According to a UK government statement, Baird -- a Scottish engineer -- and Clapp first transmitted the television images over telephone lines from Baird's laboratory in London to Clapp's house in Surrey. From there, Clapp's transmitter, identified by his Amateur Radio call sign, was used to send the images across the Atlantic, where Clapp was among those on hand in Hartsdale, New York, to receive them.

"Man's vision had spanned the ocean; transatlantic television was a demonstrated reality, and one more great dream of science was on the way to realization," said a February 9, 1928, account in The New York Times that cited an Associated Press reporter who witnessed the accomplishment. The Times article listed the operator of the "vision sound" receiving station as R.M. Hart, 2CVJ. The Times put Baird's feat on a par with Marconi's legendary transatlantic reception of the Morse code letter "s" many years earlier.

John Logie Baird with his ventriloquist's dummies in 1927.

The archive, valued at more than $50,000, consists of Clapp's radio logbooks for the US receiving station as well as for his own [G]2KZ amateur station, plus "related paper ephemera," and a so-called "Phonovision" disc that contains an early video recording, made in the fall of 1927, depicting images of Baird's ventriloquist's dummy, "Stookie Bill." The Phonovision disc is believed to be the oldest surviving video recording. Baird had demonstrated his electro-mechanical television system to members of the Royal Institution a year earlier.

Vaizey based his decision to bar the possible export of the items on a recommendation by the Reviewing Committee on the Export of Works of Art and Objects of Cultural Interest (RCEWA), administered by Arts Council England. "The Columbia disc and the notes connected with this world first of a transantlantic video recording represents British ingenuity and invention at the highest level," said RCEWA Member Christopher Rowell. "The notes contain the first ever use of the acronym 'TV' for television. The excitement of the achievement rests in these objects, which we hope will remain in this country as a permanent testament to Logie Baird and his team. Their departure abroad would also be a serious loss to scholarship." Read more.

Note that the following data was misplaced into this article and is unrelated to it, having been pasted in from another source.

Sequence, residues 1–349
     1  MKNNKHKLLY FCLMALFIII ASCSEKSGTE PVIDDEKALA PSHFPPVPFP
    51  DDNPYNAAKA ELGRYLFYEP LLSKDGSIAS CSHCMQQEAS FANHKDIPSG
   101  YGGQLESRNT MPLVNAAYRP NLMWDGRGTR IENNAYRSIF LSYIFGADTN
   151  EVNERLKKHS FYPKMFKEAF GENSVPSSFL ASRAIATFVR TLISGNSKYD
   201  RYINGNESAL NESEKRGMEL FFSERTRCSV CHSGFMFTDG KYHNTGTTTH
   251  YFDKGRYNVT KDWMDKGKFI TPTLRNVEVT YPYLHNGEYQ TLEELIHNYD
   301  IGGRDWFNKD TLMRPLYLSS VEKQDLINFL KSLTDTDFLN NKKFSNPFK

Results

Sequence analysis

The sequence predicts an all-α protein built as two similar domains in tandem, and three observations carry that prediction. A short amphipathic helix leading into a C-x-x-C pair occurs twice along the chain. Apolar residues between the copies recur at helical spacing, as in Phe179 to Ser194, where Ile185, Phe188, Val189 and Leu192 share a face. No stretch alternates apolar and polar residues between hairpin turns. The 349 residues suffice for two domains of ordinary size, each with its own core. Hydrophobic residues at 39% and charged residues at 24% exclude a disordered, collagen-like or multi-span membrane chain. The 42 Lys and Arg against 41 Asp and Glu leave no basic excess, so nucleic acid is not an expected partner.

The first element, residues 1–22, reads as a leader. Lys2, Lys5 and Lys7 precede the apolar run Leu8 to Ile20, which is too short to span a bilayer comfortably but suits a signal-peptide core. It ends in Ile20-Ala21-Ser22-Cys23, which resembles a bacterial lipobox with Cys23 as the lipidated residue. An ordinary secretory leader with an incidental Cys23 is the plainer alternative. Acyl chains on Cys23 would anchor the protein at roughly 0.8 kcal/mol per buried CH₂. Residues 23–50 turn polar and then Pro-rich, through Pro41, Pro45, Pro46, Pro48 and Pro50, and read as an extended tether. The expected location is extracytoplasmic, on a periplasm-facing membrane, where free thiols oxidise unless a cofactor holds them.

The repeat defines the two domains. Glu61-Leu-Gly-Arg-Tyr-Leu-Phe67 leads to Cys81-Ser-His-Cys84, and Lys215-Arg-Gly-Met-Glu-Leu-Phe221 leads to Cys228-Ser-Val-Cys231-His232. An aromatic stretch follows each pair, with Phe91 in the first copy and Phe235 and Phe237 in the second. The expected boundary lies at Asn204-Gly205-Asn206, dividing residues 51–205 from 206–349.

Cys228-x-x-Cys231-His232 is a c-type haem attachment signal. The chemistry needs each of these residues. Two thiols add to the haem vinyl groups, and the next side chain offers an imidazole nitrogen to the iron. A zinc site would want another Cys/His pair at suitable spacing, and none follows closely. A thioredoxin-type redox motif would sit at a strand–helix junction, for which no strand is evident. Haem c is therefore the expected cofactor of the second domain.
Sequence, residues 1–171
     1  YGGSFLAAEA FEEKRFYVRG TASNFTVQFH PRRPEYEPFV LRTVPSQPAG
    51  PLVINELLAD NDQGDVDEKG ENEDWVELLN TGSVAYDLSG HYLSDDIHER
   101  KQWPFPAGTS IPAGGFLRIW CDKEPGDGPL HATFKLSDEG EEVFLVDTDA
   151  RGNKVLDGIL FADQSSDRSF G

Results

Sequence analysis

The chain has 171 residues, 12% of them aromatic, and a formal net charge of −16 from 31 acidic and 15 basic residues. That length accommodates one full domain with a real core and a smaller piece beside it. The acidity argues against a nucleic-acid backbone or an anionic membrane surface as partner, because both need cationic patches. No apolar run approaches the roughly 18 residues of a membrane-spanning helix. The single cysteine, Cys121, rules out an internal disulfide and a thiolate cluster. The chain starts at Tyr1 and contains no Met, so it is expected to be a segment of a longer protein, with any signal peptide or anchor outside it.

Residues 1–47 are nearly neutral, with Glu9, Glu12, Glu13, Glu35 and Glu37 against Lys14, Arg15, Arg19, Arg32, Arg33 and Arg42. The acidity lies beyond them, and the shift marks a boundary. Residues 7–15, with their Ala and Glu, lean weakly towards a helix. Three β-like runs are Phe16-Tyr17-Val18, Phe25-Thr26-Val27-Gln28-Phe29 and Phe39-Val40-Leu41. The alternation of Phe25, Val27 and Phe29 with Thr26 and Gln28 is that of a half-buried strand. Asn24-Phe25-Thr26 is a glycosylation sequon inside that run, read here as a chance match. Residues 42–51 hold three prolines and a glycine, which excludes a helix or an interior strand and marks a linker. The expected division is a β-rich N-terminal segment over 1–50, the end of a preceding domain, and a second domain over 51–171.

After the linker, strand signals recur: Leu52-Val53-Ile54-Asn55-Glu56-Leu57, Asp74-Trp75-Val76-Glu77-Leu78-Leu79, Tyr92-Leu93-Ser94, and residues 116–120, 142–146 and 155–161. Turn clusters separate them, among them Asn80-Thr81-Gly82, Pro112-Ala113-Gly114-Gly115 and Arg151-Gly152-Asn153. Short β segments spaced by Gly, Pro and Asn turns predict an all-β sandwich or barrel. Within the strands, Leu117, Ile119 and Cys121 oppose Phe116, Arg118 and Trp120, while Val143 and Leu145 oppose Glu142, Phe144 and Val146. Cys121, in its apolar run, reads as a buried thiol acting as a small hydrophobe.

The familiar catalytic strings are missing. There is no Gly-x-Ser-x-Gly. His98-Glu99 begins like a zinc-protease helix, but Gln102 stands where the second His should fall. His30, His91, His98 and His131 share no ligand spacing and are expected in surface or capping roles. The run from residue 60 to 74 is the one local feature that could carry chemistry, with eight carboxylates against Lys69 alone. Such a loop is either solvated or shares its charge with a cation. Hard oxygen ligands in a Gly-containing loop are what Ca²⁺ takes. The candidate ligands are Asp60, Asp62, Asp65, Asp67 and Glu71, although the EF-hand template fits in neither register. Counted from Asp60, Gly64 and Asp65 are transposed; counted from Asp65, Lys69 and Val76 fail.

In Brief...

ARRL/TAPR Digital Communications Conference Seeks Papers: The 34th annual ARRL/TAPR Digital Communications Conference (DCC) invites technical papers for presentation at this year's conference. The 2015 DCC will take place October 9-11 in Chicago. Technical papers are solicited for presentation at DCC and publication in the Conference Proceedings, published by ARRL. Presentation at the conference is not required for publication. Submit papers by August 17 to Maty Weinberg, KB1EIB, at ARRL (or mail to Maty Weinberg, ARRL, 225 Main St, Newington, CT 06111). Papers will be published exactly as submitted, and authors will retain all rights. Early conference registration closes on September 19.

Get Ready for the Golden Packet Event! APRS Developer Bob Bruninga, WB4APR, has invited radio amateurs to take part in the annual Golden Packet Event on Saturday, July 18. Begun in 2009, the event is a demonstration of the ability to relay text messages via the Automatic Packet Reporting System (APRS®) along the length of the Appalachian Trail -- all without the use of the Internet. All participants need is an APRS digipeating transceiver and an APRS handheld transceiver for backup messaging.